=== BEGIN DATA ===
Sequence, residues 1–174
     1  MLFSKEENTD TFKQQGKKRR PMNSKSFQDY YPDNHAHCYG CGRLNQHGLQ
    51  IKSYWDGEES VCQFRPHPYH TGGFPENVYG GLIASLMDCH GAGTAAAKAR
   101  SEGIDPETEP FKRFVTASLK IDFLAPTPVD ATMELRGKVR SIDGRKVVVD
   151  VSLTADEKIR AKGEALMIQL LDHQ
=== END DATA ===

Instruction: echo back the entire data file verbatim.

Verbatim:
Sequence, residues 1–174
     1  MLFSKEENTD TFKQQGKKRR PMNSKSFQDY YPDNHAHCYG CGRLNQHGLQ
    51  IKSYWDGEES VCQFRPHPYH TGGFPENVYG GLIASLMDCH GAGTAAAKAR
   101  SEGIDPETEP FKRFVTASLK IDFLAPTPVD ATMELRGKVR SIDGRKVVVD
   151  VSLTADEKIR AKGEALMIQL LDHQ